Mob jus­tice rules

Zululand Observer - Weekender - - FRONT PAGE - Or­rin Singh

THREE peo­ple were bru­tally killed this week at the hands of an­gry mobs - one a house­breaker al­legedly slain by stu­dents.

On Fri­day, two al­leged whoonga ad­dicts sus­pected of be­ing in­volved in petty crimes such as house bur­glar­ies and pick pock­et­ing, were slain by a blood­thirsty group at Me­vamh­lope.

Coun­cil­lor for Ward 31, Sipho Ntombela, said by the time he ar­rived at the scene, the two men were al­ready dead.

‘From what I un­der­stand, they were beaten to death with stones, sjam­boks and sticks.’

Ntombela said ac­cord­ing to his knowl­edge the mob sus­pected the men of be­ing in­volved in crim­i­nal ac­tiv­ity and dis­pensed in­stant jus­tice.

Em­pan­geni Sta­tion Com­man­der, Bri­gadier Jeros Thango, said five peo­ple were ar­rested and were to ap­pear in the Ng­welezana Mag­is­trate’s Court.

In a sep­a­rate in­ci­dent, one per­son was al­legedly killed by stu­dents in the early hours of Tues­day morn­ing in the KwaDlangezwa area af­ter re­port­edly be­ing caught while com­mit­ting a bur­glary at Msomi Cot­tages.‘The par­tic­u­lars of the de­ceased are not known at this stage as the in­ves­ti­ga­tion into the case is on­go­ing.‘Stu­dents at­tacked and beat him to death.‘No ar­rests have been made,’ said King Cetshwayo Clus­ter Po­lice spokesper­son, Cap­tain Mbon­geni Md­lalose.

Con­demned

Bri­gadier Thango con­demned the in­ci­dents at the high­est level.

‘Peo­ple must stop tak­ing laws into their own hands, be­cause re­ally, they are not as­sist­ing us by do­ing so.

‘If they are look­ing for some­one be­lieved to have com­mit­ted a cer­tain of­fence, they need to call the po­lice to han­dle the mat­ter.

‘This is not the way things are meant to be done in our coun­try,’ said Thango.

His sen­ti­ments were ex­pressed against a back­ground of mob jus­tice be­com­ing an in­creas­ingly wor­ry­ing is­sue for po­lice, not only within this re­gion but also at a na­tional level.

Ac­cord­ing to the re­cently re­leased na­tional crime sta­tis­tics 264 peo­ple were mur­dered in mob jus­tice at­tacks in Gaut­eng alone be­tween April last year and March this year, and 849 peo­ple were killed in sim­i­lar in­ci­dents across the coun­try.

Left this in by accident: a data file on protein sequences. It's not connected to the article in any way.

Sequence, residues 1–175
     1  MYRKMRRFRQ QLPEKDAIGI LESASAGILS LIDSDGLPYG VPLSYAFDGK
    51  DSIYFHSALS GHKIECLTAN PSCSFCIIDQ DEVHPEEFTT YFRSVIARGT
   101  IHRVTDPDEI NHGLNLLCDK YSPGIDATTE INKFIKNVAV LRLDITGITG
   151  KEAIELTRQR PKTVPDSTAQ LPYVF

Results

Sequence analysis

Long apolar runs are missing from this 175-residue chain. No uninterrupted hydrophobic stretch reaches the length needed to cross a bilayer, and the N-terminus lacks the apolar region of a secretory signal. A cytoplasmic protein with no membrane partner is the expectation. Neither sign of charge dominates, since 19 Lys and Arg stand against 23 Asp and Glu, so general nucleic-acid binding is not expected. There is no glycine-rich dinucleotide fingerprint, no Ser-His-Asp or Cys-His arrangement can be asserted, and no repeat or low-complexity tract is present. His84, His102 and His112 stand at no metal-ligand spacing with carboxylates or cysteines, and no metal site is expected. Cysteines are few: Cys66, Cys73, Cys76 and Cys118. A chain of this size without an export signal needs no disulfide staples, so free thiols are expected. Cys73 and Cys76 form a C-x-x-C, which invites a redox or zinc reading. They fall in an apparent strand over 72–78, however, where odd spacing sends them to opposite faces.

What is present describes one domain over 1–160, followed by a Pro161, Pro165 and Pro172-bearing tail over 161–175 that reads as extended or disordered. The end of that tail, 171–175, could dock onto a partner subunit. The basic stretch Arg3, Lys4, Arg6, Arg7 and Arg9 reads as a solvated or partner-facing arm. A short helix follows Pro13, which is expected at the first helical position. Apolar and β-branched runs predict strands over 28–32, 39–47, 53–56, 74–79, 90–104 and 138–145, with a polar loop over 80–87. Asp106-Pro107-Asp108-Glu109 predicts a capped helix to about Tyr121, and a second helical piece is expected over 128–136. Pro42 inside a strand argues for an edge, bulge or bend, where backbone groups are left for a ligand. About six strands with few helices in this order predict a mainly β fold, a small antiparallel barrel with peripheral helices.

Mob jus­tice is noth­ing new

Head of the Crim­i­nal Jus­tice Depart­ment at the Univer­sity of Zu­l­u­land, Pro­fes­sor Jo­han Ras, said mob jus­tice is some­thing that has been hap­pen­ing in the coun­try for decades.

‘It is as old as mankind be­cause it is based on peo­ple’s per­cep­tions of what is right and wrong for them in the now, not on a de­layed court-sys­tem that maybe one day will look at the mat­ter.

‘The crim­i­nal jus­tice sys­tem is a process of ad­min­is­tra­tion that takes lots of time and peo­ple do not feel sat­is­fied with that.

‘Im­me­di­ate ir­ri­tated mem­bers want lex tal­iones jus­tice, an eye for an eye, a tooth for a tooth.

‘That is con­sti­tu­tion­ally to­tally wrong but it brings emo­tional com­fort for those that feel they were vic­timised.

‘The big­ger is­sue is this: govern­ment rep­re­sents peo­ple with dif­fer­ent be­lief sys­tems but the dom­i­nant ruling party’s views on the way we raise our chil­dren (no cor­po­ral pun­ish­ment) and how we pun­ish peo­ple (no death penalty) has cre­ated a sit­u­a­tion where most par­ents and pub­lic mem­bers know that some­thing is wrong.

‘Those with less ed­u­ca­tion are quick to re­tal­i­ate be­cause they vent their frus­tra­tion through fists, sticks and knives, not through a lengthy crim­i­nal jus­tice sys­tem that they do not un­der­stand.’

Ras said the po­lice, through the com­mu­nity polic­ing fo­rums as well as pri­vate se­cu­rity, must con­tinue to be­have in a con­sti­tu­tion­ally-eth­i­cal man­ner and con­stantly ed­u­cate peo­ple so that they re­port mat­ters.

‘The po­lice will al­ways as­sist – if you do not get joy, take it up higher,’ he said.

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